April 22, 2019 | 52° F

SINKIEWICZ: You know you want to catch them all

Opinions Column: People And ...


Today’s topic of discussion: Pokemon. For those of you who have been living under a rock and lacked anything that remotely constituted a childhood, Pokemon are fun animated creatures and critters created by Japanese gaming company Nintendo. 

They’ve zapped, burned and froze their way into the hearts of children everywhere. While the success of Pokemon can undoubtedly be viewed as amazing, it appears as though the future of Pokemon is only just around the corner. Both veterans and newbies alike have been latching on to the fad that is “Pokemon Go,” the virtual reality cellular game that has people walking into lamp-posts and phone booths trying to catch their 500th Pidgey. 

While I could spend my time analyzing Pokemon’s progression throughout the ages and why, despite aging 15 years, we still continue to play their games, I have instead decided to write on the implications of the world with Pokemon Go — a forecast for the future if you will. When dealing certain types of technology it is critical that one views all aspects of said progression. For example, robots might be productive workers in the future, but a con of this technology might be fewer jobs when the robots take over and start an authoritarian regime. Pokemon Go is similar in this respect. 

The positive aspects cannot be overlooked. It causes you to get outside and take in the environment. Of course, most Pokemon spawn in locations where people frequent, so you’ll still be able to go to McDonald's and catch Pokemon. You will obtain the passive illusion that you are exercising, even though you’re not really. Welcome to America! Furthermore however, Pokemon is a unifying force. Pokemon may likely end the problems in the world, or at the very least, make basements less populated, but is that really a good thing? 

Firstly, we need people in basements to affirm our self-righteousness and smug superiority as someone not in that position. We may very well hit rock bottom, but at least we will always be able to say, “Well, at least I don’t live in my Mom’s basement.” Pokemon Go ruins that! But more importantly and perhaps more concerning are the teams. 

In Pokemon Go, there are three teams that one must affiliate themselves with. These teams are Instinct, Valor and Mystic. Yellow, Red and Blue. People on these teams capture gyms to get a daily bonus. Wow, this certainly won’t cause any sort of hostility, because dividing people, even over stupid things, never causes any problems? Right? Stanford Prison Experiment anyone? But all this aside, let’s assume that people can cooperate. How long until they start using gang signs? Signalling to each other that a rare Pokemon is nearby? Is this really the world we want our children growing up in? Probably, because the game is just too damn entertaining.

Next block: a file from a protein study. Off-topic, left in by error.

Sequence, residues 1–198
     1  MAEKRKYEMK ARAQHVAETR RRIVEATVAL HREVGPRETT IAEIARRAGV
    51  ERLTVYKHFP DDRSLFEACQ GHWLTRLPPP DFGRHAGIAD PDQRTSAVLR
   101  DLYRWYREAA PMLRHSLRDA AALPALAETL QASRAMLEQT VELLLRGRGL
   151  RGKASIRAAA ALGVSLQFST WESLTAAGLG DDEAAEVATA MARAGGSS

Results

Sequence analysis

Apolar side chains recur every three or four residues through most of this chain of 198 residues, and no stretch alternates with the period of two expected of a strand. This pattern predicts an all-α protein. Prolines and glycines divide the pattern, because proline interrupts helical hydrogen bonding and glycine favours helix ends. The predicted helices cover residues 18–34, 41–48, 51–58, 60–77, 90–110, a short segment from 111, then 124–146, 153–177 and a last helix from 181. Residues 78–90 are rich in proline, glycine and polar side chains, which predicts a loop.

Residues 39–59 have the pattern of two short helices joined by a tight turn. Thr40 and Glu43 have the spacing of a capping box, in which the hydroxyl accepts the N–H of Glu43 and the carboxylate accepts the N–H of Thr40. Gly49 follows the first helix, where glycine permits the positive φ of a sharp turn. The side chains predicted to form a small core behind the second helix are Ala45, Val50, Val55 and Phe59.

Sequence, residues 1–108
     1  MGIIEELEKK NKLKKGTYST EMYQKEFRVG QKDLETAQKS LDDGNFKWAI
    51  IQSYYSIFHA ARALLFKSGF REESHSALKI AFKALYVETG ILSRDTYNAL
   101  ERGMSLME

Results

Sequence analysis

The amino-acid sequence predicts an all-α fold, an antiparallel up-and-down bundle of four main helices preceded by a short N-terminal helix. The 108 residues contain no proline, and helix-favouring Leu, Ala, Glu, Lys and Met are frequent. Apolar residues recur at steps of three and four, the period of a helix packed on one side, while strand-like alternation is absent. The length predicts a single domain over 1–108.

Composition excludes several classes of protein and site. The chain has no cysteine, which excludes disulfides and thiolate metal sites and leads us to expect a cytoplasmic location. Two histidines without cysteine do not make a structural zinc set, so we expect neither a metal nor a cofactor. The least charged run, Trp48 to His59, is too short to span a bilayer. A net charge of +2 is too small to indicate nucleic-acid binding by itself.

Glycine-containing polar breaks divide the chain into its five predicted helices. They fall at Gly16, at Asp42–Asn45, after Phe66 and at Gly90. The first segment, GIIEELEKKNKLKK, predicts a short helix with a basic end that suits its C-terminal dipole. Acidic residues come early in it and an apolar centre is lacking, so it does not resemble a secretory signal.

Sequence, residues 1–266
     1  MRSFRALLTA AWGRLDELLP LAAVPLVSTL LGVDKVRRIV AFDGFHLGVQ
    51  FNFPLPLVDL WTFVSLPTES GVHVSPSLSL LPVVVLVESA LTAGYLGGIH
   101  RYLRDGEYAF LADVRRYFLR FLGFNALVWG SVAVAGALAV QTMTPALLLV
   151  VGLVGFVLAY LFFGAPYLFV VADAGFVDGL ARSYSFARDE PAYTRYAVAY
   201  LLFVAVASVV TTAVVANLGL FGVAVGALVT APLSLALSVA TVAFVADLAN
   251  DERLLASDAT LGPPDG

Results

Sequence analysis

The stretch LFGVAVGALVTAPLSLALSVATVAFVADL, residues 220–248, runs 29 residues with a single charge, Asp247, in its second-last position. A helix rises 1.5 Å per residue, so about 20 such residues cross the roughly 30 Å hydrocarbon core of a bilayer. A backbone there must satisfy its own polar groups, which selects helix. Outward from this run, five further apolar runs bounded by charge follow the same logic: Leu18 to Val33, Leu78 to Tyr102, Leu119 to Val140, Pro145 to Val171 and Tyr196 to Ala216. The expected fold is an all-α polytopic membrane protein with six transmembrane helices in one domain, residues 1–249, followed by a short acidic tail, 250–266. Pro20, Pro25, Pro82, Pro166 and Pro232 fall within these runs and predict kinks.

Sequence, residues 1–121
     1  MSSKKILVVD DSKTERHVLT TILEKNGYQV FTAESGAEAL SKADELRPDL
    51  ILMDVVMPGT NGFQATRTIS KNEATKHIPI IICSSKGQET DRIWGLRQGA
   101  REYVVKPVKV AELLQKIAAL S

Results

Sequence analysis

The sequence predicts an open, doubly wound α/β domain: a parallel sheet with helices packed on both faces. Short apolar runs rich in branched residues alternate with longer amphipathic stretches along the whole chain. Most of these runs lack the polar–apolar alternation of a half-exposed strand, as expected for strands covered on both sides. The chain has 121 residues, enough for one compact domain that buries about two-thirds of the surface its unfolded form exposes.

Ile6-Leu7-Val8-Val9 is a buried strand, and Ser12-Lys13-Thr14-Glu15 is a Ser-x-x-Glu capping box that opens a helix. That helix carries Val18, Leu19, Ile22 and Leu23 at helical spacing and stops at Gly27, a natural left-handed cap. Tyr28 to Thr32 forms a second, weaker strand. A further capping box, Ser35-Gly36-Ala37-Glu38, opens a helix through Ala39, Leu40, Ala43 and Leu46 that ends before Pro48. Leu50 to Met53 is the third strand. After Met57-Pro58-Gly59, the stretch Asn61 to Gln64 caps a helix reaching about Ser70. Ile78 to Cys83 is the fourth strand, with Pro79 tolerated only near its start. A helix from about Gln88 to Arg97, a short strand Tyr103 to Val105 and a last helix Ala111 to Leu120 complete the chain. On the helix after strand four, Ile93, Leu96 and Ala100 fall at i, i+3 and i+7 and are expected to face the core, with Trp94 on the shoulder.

At this point you might be wondering, why do I care? I don’t play Pokemon Go? Oh, but you will. Whether you drunkenly download it at a party, try to look cool to a bunch of 7th graders or even just prove that you’re the very best like no one ever was, something will compel you to pick up Pokemon Go, even if only for a day. Maybe this very article is doing the same thing. Yes, perhaps it is my intention for you to get Pokemon Go. Maybe I work for Niantic and Nintendo. Maybe you are getting very sleepy at this moment. Sleepy, very sleepy ... But suddenly you wake up and your realize, wow, why am I taking advice from an opinions column in my school newspaper? 

For the same reason people believe and follow horoscopes, the power of print compels you! Back to Pokemon Go, the truth is undeniable. The game is forging communities together, bringing people of all ages closer in their pursuit for digital creatures that satisfy us to our core for reasons unknown, even to the ancients. So people and Pokemon, man and virtual companion will march onward and triumph or perish.

Zachary Sinkiewicz is a School of Arts and Sciences senior majoring in English and history with a minor in political science. His column, "People and ..." runs on alternate Mondays.

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Zachary Sinkiewicz

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